It is probably not breaking news to anyone that Missouri residents partake in the use of drugs, but not many people know how bad the drug problem actually is locally.

According to a recent study by WalletHub, Missouri ranks second in the country for its drug usage rate. The list included all 50 states and the District of Columbia, which tops the list.

But those numbers change drastically just with a quick trip across the Missouri River to Kansas. According to that same study, Kansas is on the opposite end of the drug spectrum, ranking 48 out of 51 for having the lowest rates of drug usage in the nation.

So, why is there such a stark contrast in drug usage numbers between the bordering states? Kristina Hannon, vice president of behavioral science for the social service organization Family Guidance, said she doesn’t believe there is much of a difference between the states in reality.

“When you look at actual substance use and drug addiction, we actually rank 16th of 50 states,” Hannon said, who got that rating from a National Substance Use Disorder survey.

Capt. Shawn Collie, Buchanan County Drug Strike Force, said the study holds true with his experiences.

“We’ve always maintained and had that belief that yes, we have a problem here with drugs,” Collie said.

Hannon works with patients struggling with addiction every day and she said she can attest to the rising drug issues around the area.

“We have seen an increase in substance use in the last five years in Northwest Missouri,” Hannon said. “Last year we treated over 2,000 individuals who have a substance abuse disorder in nine counties, so we see that it’s increasing pretty significantly.”

The Drug Strike Force has been diminishing in numbers. They’re now down to six members on the team. Collie said they do the best they can to keep up with all of the drugs on the street.

“We get so many calls a day about drug houses or drug issues. We start looking about the type of person, what’s their criminal history, are there kids involved, is this going on in the area of a school?” Collie said.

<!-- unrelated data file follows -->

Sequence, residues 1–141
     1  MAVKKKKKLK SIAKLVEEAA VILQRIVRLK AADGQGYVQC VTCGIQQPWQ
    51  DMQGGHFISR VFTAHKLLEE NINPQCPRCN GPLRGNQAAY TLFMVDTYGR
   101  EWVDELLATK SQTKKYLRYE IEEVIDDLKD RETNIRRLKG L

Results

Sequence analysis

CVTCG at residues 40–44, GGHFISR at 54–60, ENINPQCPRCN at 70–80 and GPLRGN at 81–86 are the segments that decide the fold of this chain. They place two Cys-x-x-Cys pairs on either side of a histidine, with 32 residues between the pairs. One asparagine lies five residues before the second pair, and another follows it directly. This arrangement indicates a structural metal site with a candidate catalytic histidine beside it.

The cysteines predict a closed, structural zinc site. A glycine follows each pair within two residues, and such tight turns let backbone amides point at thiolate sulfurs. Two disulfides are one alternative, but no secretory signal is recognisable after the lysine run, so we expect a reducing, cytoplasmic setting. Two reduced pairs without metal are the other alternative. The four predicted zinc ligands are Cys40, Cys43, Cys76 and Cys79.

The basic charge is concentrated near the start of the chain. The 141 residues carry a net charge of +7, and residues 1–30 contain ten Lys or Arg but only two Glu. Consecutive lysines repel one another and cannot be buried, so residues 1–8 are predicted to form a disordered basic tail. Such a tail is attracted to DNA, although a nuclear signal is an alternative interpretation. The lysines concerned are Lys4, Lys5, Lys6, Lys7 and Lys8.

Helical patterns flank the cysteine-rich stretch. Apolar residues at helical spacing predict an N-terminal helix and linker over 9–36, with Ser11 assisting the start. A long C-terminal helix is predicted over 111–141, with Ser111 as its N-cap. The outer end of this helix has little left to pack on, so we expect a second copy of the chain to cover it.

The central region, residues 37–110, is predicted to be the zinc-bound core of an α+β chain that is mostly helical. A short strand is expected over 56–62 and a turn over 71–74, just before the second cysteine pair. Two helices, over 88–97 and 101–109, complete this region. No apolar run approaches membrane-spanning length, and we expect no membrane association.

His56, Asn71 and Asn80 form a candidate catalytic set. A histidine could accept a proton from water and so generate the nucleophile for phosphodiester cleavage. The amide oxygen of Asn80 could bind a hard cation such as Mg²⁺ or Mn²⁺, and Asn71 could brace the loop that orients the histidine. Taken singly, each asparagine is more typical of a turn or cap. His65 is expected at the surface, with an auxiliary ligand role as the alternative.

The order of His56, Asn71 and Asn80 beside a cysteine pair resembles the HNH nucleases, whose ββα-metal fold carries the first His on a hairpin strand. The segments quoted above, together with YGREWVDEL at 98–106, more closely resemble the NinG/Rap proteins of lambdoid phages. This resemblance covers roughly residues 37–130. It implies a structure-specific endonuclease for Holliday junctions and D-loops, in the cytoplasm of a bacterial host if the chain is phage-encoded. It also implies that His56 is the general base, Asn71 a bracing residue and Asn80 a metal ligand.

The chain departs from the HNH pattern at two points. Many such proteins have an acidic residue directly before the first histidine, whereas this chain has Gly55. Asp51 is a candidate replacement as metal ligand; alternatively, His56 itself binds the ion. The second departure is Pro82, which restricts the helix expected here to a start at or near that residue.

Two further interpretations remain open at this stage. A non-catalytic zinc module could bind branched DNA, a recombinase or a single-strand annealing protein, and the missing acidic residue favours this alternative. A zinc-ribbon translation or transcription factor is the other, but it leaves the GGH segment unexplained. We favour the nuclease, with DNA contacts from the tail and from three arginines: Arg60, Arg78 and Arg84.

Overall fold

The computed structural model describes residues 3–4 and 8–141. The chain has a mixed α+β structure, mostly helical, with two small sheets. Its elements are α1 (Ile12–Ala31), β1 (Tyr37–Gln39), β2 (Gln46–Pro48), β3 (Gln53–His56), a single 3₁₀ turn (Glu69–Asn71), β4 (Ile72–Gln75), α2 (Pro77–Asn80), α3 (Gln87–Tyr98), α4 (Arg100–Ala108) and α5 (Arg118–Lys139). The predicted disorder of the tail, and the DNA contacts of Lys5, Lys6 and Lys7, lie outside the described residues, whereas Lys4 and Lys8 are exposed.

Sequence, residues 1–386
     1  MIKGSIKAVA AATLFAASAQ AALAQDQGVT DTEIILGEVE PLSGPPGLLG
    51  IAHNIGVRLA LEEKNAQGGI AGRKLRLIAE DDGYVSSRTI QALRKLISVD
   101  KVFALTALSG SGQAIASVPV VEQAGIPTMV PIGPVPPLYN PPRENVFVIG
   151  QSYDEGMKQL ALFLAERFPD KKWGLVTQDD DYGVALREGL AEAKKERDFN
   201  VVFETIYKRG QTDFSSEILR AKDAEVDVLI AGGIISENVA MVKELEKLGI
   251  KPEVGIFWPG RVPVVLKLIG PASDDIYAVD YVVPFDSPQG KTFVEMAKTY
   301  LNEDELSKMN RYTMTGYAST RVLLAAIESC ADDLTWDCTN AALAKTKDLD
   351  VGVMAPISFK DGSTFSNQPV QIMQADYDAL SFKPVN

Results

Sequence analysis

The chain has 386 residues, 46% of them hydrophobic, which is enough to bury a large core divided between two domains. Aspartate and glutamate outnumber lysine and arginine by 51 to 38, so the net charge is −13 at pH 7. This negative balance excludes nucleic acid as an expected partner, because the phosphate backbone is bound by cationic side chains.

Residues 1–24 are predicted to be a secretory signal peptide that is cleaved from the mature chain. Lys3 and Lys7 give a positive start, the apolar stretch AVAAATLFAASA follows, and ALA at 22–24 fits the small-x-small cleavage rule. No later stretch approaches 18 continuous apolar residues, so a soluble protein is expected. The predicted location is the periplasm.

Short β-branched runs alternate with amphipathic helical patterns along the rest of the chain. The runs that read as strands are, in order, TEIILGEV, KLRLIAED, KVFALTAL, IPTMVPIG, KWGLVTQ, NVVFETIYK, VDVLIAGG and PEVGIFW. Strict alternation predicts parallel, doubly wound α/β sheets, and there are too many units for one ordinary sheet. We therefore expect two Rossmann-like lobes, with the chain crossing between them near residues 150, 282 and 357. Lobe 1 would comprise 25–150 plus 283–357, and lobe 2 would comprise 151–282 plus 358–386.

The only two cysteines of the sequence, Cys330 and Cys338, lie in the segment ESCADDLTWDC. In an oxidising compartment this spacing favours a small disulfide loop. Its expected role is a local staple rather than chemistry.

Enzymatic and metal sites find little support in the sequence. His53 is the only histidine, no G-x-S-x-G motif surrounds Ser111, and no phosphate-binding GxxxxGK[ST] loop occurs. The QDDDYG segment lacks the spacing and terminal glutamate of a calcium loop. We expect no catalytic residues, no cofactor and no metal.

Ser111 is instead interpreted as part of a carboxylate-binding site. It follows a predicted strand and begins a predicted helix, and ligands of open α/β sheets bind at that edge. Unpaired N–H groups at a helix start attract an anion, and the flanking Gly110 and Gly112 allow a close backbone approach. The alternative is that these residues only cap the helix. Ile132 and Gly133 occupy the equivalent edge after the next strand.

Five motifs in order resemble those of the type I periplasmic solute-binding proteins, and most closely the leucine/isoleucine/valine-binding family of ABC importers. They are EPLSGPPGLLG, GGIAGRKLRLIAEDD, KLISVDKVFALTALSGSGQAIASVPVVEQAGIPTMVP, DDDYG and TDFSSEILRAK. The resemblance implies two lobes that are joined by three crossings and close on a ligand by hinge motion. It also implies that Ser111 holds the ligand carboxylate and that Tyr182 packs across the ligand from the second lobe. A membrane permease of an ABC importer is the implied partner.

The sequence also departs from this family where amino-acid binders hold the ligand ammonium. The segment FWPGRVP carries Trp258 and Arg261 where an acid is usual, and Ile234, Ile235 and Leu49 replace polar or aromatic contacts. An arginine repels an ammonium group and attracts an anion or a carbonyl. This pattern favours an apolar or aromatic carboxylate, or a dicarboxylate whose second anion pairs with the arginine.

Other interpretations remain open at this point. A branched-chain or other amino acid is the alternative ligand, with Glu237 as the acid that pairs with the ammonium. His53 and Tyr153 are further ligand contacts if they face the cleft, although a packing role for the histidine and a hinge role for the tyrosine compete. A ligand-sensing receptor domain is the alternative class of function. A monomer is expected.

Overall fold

Both Hannon and Collie agree, there is one drug in particular that continues to plague Northwest Missouri.

“At this clinic, we treat four times more meth use than we do opioid abuse,” Hannon said. “There have actually been quarters where we treat more meth abuse than alcohol abuse.”

Collie said the number of meth labs has greatly diminished around Buchanan County in recent years thanks to concentrated efforts by area law enforcement. He said the main goal of the force is to keep the community safe at any cost.

“It’s not necessarily about the drug as it is the effect on the community,” Collie said.

Hannon said meth is often the drug of choice in more rural areas because the drug can be cooked easily by residents in remote areas. She said even though the opioid epidemic is still terrorizing the country, around here, meth is king.

“There are a lot of resources currently being pumped into opioid use, but in Northwest Missouri, our biggest problem in terms of substance use is methamphetamine,” Hannon said.

Hannon works with patients of all ages, although the majority of her work is done with adults, she said in the past four to five years, she see’s a large number of teens and even children.

“Many years ago, we didn’t treat adolescent substance abuse because it wasn’t such a huge concern. Primarily, if we were treating adolescents it was for alcohol abuse,” Hannon said.

She said now the age children begin doing drugs is much younger than the previous norms.

“Kids are starting to use alcohol younger and younger, 10 to 11 years old. Now we’re seeing kids that are starting to smoke marijuana at 12 to 13 years old when that used to be 15 to 16 years old,” Hannon said.

Hannon said the best treatment is prevention and that starts for children at a young age.

“You need to really look at kids, young children starting 10, 12 years old and talking with them about substance use.” Hannon stated.

Zach Barrett can be reached at zach.barrett@newspressnow.com. Follow him on Twitter: @NPNowBarrett.